By Andrew Hood
One big breakaway and a stage victory can change everything for a professional cyclist.
Just ask Simon Gerrans, a fifth-year pro at Cervélo TestTeam who scored a breakthrough win in last year’s Tour de France in stage 15 to Prato Nevoso in Italy.
After trying in vain to sneak into a breakaway, Gerrans found the right company with Danny Pate (Garmin-Slipstream), Egoi Martinez (Euskaltel-Euskadi) and José Luís Arrieta (Ag2r). The quartet stayed clear and despite being dropped halfway up the Prato Nevoso summit, Gerrans regained contact and then darted clear in the closing meters to win the stage.
The victory was the highlight so far for the affable 28-year-old Aussie, who joined Cervélo to help them in the spring classics and then reload for likely starts in the Giro d’Italia and Tour de France.
Gerrans enjoyed a solid spring campaign, finishing in the top 10 in all three races during “Ardennes week,” with seventh at Amstel Gold Race, eighth at Flèche Wallonne and sixth at Liège-Bastogne-Liège.
Earlier this year, VeloNews European correspondent Andrew Hood sat down with Gerrans to recount that rainy day in Italy last July. Here are excerpts from the interview:
VeloNews: So you’re one of a couple of riders from Crédit Agricole that have ended up at Cervélo, how did that happen?
Simon Gerrans: I still had a two-year contract with Credit Agricole, pending them finding a new sponsor. Roger Legeay had until the first of August to try to find a new sponsor, and it just didn’t happen. Everyone was just shocked. Riders weren’t even looking for a new team because everyone expected something to come through and it was a bit of a sad day in cycling to see a team that had been around such a long time disappear.
VN: When did have the first contact with Cervélo?
SG: I was first approached during the Tour de France about the team. To be honest, I was a little cautious. You hear about new teams coming and disappearing even before the first day of racing. After speaking with a few mates who have been in that situation, they were saying to be cautious, but the more I found out about the team, the more I liked it. I’m really happy to be here.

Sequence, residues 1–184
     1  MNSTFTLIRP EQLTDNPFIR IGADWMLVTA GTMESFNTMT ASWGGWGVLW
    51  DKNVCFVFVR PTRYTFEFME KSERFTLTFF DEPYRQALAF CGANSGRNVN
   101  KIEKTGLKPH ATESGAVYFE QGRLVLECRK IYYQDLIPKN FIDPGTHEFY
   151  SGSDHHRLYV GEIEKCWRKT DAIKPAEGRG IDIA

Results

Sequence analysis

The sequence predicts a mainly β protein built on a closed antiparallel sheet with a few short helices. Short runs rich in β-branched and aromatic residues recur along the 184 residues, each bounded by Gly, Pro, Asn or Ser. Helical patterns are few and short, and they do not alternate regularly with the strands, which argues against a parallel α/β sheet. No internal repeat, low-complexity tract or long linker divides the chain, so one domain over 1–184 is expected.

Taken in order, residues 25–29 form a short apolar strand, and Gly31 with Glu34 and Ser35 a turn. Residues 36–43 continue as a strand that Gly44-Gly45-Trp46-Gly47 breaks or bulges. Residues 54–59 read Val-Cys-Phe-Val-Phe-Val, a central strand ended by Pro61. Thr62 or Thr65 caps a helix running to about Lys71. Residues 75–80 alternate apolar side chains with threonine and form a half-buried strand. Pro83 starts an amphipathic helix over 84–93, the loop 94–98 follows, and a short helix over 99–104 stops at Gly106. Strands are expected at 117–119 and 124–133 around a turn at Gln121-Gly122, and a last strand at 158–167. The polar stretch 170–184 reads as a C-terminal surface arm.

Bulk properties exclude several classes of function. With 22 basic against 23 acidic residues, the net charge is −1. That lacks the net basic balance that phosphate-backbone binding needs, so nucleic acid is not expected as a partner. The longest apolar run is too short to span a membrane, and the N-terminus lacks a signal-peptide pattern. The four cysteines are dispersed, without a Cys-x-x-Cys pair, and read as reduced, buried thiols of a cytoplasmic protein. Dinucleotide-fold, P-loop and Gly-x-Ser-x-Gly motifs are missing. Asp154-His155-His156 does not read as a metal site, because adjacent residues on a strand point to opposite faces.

VN: What’s your role on the team, you’re not quite a big GC rider like Carlos Sastre and you’re not a big sprinter like Thor Hushovd, where do you fit in on the team’s hierarchy?
SG: I think I fit in just below those big captains, the next tier down. I am going to get some support in some races where I am trying to win myself. I think I have enough clout on the team to say, obviously on days when we’re not clearly riding for our captain, that if I put my hand up, I will get some support. Then I have a couple of great leaders to ride for. They’re some of the best riders in the world.
VN: So how far away is your place in Monaco from the start of the time trial at the Tour de France?
SG: Well, Monaco isn’t very big, so not far. It starts down at the port so I could probably roll out of bed and be down there in about 30 seconds on my bike. I could the do the warm-up in my living room. It will be exciting. It’s a really hard route. It will be ideal for a climber/TT specialist. It will be too hard for the sprinters. I think it’s really a course ideal for Bradley McGee. He’ll be crying when he’s driving in the team car, but he knew that when he made his decision. I don’t think Monaco knows what’s coming. The Grand Prix is one thing, but the Tour de France is just huge.
VN: Looking back at your stage victory last year at Prato Nevoso, what significance does it hold for you now?
SG: Personally, I still have to buckle up my shoes everyday and go out training. Everyone else’s expectations of me are a little bit higher. I’ve always put a bit of pressure on myself to do well. I’ve really noticed that my profile has gone up quite a bit back home in Australia. In the past, I was able to roll along pretty anonymously, but these days I seem to get recognized everywhere I go back home in Adelaide. That shows how much cycling is growing in Australia. Everyone in Australia stays up late to watch the Tour because it’s on at 2 a.m. People say to me how tired they get during the summer, but they love it. They get addicted. They cannot turn it off until the end of the stage.
VN: Talk us through that stage, because it was a very tactical finale, with four riders bucking of the win?
SG: It was a very tactical stage all the way to the finish. It was such a satisfying win because I knew I wasn’t the strongest guy in the breakaway. I stuck to my plan and let the other guys attack themselves to death and I just held out to the end. That really played to my favor.
VN: Did you know the climb to Prato Nevoso?